The critics hated it. The Los Angeles Times called it “calamitous” and an “overstated, cartooned film for dullards”. The New York Times’ verdict was “gross” and “unfunny”. Rolling Stone thought it “achieves a consistency of ineptitude rare even in this era of over-inflated cinematic air bags”. Much of the critics’ ire was directed at the casting of Hanks and Willis. Schwab thinks that the negative response towards Hanks in particular was not simply because he was not Wolfe’s idea of Sherman McCoy. “Whenever I saw any reviews, I basically felt well, he is good in this role, even though you can’t accept it,” he says.

All of this came as a surprise. Salamon remembers that, despite the occasional tensions during production, no one ever thought the film was going to get the critical and commercial lambasting that it did.

Nor do Salamon or the crew I spoke to look back at the movie with bad memories. What became a notorious flop does not seem to have left any lingering resentment. It certainly didn’t ruin any careers, with Hanks and Willis going on to hit after hit in the succeeding years.

As for De Palma, he bounced back with successes like Carlito’s Way and Mission Impossible but never found Bonfire’s reception justified. In an 1992 interview with Charlie Rose, De Palma said: “You don’t think you have made a bad movie. I will say to this day, the way I made it is an interesting movie that I like. It is not Tom Wolfe’s Bonfire of the Vanities. The problem is that everyone that wrote about the movie, read the book.”

Soldo, for one, looks back on the experience of working with De Palma with fondness, saying that “there was a tremendous loyalty and a maintenance of a relationship between movies … if you were lucky enough to be one of those people, you got to participate in some really interesting and good work”. He adds: “De Palma’s always been kind of fearless about or seemingly immune to what people think about him or say about him.”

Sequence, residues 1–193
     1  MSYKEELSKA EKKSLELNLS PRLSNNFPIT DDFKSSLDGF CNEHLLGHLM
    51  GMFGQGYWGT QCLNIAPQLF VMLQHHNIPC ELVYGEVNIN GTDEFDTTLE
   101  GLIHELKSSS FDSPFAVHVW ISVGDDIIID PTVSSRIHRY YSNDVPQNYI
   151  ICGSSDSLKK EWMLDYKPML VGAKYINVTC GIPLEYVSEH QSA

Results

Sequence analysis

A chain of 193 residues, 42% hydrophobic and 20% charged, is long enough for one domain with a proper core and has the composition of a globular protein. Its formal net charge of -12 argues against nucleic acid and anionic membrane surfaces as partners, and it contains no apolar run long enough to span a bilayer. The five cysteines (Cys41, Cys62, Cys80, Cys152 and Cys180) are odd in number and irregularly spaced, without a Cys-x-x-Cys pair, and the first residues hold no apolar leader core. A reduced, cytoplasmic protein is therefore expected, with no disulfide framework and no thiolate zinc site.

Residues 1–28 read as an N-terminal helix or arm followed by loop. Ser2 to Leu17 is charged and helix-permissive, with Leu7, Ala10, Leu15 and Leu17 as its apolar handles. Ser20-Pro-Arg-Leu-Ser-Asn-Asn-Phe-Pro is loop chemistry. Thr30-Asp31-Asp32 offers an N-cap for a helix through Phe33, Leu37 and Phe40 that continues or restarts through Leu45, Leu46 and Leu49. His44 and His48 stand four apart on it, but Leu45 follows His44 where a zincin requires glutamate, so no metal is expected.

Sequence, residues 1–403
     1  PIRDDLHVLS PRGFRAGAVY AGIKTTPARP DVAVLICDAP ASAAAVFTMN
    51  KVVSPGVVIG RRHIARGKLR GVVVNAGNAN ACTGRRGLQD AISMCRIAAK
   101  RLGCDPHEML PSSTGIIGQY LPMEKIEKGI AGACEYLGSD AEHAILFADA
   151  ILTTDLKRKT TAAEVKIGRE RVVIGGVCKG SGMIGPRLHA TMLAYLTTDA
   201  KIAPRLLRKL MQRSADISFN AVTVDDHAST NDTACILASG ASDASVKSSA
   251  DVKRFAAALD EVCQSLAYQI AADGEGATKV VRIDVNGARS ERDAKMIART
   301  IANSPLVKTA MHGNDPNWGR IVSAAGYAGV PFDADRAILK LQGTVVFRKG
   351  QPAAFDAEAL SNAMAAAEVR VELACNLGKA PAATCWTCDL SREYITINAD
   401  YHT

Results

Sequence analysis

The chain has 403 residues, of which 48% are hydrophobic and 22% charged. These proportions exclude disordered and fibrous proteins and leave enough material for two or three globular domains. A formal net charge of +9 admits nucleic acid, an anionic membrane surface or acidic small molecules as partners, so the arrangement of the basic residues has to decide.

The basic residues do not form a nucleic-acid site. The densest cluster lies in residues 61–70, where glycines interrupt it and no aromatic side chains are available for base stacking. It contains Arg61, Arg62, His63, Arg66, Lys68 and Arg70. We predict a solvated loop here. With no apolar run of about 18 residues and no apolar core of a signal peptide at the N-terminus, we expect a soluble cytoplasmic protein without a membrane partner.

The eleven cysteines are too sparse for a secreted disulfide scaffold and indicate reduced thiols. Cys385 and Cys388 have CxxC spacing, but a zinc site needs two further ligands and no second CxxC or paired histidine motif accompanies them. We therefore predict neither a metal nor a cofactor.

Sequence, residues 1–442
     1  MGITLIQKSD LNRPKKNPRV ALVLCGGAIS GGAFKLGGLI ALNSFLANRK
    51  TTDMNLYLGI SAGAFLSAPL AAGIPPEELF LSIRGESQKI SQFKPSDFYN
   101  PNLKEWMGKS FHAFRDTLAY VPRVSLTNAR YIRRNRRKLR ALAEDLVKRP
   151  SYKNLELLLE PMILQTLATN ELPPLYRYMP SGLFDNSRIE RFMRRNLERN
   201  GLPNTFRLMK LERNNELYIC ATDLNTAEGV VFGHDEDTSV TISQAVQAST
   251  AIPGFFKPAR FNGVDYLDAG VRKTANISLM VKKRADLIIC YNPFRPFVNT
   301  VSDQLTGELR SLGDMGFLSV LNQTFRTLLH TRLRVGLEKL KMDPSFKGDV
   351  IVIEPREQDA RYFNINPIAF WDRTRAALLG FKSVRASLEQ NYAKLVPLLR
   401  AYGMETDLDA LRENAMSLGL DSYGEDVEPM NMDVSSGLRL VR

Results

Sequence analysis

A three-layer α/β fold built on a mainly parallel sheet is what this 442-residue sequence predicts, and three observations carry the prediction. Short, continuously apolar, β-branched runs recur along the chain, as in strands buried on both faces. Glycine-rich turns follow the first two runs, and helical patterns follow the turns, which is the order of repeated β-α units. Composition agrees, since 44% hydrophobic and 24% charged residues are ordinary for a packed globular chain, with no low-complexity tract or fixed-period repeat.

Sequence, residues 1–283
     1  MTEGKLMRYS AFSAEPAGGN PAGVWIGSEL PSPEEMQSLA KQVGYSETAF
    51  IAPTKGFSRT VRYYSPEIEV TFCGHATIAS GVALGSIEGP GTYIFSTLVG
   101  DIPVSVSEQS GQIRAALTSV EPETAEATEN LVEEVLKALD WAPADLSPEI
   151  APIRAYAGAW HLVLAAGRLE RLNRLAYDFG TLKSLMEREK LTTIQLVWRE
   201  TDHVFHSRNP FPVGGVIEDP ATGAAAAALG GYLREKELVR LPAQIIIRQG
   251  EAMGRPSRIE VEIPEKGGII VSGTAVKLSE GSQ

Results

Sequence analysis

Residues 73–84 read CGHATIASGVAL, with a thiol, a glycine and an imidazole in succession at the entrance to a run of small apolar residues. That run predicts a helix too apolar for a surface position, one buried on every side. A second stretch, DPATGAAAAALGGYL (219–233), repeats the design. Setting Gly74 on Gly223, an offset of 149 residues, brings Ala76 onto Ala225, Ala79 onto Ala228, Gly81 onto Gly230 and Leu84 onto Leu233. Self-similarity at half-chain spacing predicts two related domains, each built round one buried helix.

Salamon’s book was published in 1992, and, unlike the film, it was critically acclaimed and became a bestseller. However, she says it affected her ability to work as a critic; her stint in the post ended in 1994. “For me personally, writing about Bonfire really was the beginning of the end of my career as a film critic, because after … spending the time, day in and day out for almost a year watching this process, I found it harder and harder to write negative film reviews.

“I didn’t know it was going to end up becoming this huge, quote, unquote, flop that people were going to peg all the negative attributes of Hollywood film-making, I think unfairly, on its back. My favourite reviews of my book were the ones that said this isn’t a book about a big flop. This is a book about people who love their craft, who love their work, and were trying to do something great.”